Skip to content ↓ | Skip to navigation ↓

Is virtualization is doing more harm than good?  That’s what a very good virtualization article from Datamation is asking.  The article summarizes a December survey of 137 enterprises and says…

“…companies do much better in improving performance for business-critical applications when they’re in a physical environment, rather than in a virtualized environment. That’s because they lack the adequate tools to do so under virtualization…”

I wasn’t surprised that people still find the tools for managing virtual environments to be insufficient – after all, we’re still fairly early in the game on that front – but I was surprised at the magnitude of the impact from using inadequate tools:

“…the study found that keeping business-critical applications at peak performance may actually be harder in virtualized environments. For example, when using tools to manage business-critical applications in physical environments, 62 percent of the enterprises surveyed … reported improved mean time between repairs (MTBR). That figure dropped to 32 percent in the virtualized environment.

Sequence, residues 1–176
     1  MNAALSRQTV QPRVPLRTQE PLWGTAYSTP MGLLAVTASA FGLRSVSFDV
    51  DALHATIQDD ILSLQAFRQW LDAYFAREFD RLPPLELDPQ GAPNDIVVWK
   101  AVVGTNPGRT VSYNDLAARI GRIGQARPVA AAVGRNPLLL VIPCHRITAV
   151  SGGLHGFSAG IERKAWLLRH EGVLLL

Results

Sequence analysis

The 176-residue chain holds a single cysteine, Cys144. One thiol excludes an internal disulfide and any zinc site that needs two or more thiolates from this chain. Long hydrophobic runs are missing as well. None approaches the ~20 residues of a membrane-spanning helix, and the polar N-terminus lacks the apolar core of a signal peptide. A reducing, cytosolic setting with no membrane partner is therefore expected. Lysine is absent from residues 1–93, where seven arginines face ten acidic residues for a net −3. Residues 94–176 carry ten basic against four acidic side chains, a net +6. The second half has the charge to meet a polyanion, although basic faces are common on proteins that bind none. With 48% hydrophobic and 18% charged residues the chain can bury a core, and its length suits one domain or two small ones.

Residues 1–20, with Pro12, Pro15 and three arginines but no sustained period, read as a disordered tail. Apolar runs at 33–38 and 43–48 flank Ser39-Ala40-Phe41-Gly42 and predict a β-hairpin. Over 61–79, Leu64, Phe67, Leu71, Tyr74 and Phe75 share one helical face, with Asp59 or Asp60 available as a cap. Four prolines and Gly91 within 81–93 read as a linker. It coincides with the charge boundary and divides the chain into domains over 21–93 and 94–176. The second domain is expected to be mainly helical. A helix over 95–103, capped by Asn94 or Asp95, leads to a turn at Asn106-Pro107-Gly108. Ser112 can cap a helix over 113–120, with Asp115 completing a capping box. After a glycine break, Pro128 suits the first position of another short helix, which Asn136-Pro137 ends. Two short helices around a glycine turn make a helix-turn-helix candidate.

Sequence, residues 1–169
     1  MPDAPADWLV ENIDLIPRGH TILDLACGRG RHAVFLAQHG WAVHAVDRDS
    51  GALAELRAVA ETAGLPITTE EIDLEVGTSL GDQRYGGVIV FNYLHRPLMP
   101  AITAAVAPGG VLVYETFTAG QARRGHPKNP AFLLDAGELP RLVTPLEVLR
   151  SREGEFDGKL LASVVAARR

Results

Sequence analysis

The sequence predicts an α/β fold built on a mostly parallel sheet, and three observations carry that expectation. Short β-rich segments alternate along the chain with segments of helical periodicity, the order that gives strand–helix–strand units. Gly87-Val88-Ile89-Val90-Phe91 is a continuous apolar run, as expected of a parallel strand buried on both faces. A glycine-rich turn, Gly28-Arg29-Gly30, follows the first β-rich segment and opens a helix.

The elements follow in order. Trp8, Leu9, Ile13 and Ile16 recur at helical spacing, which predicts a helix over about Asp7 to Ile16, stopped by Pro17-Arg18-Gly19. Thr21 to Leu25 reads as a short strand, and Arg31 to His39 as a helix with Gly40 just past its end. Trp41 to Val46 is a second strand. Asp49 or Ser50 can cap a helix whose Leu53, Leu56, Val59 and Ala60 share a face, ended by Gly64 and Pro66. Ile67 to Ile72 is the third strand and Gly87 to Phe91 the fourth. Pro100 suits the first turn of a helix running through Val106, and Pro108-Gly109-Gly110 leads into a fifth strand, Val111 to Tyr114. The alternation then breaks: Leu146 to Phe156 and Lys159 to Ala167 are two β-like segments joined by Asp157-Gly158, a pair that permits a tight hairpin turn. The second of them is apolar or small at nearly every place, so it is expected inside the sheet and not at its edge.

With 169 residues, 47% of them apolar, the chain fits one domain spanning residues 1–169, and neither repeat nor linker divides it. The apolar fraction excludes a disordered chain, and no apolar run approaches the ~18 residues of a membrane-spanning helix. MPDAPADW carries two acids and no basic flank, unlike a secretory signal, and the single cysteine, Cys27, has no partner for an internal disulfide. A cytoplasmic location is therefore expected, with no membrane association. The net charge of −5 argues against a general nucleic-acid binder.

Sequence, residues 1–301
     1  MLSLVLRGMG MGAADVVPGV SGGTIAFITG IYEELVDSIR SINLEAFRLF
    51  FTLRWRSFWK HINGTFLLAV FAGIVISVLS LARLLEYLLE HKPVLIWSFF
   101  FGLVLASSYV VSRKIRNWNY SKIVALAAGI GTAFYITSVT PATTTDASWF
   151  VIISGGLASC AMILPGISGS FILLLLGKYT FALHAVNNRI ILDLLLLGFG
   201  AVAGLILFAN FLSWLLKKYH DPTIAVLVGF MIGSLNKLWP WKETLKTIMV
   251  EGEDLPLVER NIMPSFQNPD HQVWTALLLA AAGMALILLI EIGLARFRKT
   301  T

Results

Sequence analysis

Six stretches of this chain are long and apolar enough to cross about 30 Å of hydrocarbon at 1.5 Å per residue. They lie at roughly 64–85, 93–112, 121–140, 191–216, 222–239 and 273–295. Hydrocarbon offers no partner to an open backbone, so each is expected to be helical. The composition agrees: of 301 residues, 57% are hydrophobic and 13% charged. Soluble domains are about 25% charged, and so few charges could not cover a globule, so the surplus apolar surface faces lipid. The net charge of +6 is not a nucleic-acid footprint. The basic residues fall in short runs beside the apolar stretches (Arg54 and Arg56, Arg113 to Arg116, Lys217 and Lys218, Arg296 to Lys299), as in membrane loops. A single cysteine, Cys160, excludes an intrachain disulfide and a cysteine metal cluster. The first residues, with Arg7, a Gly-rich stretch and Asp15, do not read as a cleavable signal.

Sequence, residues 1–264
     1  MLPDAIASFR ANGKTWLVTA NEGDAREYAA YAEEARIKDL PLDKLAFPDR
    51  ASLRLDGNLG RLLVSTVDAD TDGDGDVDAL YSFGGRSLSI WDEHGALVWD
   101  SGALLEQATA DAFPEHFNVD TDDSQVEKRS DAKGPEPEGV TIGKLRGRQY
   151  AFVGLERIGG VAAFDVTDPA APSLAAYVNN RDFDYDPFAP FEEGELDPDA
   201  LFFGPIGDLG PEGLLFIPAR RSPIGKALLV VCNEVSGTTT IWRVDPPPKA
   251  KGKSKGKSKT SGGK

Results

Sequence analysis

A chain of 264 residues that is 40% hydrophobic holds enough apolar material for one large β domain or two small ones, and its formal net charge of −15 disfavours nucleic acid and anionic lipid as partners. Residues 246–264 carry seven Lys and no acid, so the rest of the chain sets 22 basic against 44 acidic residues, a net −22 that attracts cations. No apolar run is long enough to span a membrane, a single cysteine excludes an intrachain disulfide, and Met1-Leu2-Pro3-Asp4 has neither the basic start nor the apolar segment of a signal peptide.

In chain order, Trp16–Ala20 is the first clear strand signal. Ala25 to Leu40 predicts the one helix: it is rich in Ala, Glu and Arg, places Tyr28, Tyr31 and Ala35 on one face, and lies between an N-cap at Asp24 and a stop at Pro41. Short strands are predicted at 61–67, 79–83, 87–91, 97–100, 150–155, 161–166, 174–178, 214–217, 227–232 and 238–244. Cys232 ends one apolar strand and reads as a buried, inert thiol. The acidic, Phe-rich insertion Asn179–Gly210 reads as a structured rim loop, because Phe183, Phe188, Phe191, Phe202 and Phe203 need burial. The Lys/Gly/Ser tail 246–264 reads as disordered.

And furthermore:

“…enterprises had an 85 percent success rate in identifying performance issues before they impacted end users — but only in setups that relied on a physical environment. The rate for virtualized environments was 37 percent.”

And there’s more in the full article.

The bottom line is that there is a need for better tools to manage virtual environments so that the teeming masses can get great results, not just the A-Team virtualizers (if you’re reading this blog, my informal data shows you just may be one of those, by the way).

The “big picture” management vendors are certainly trying to crack this and all of them are making grandiose announcements lately.  But we’ve got a long way to go before the promise in the pipeline becomes tools-in-hand.  And I think some of the more nimble, specialize vendors (like Tripwire, of course) will play a major role in this.

Give the article a read and let me know what you think.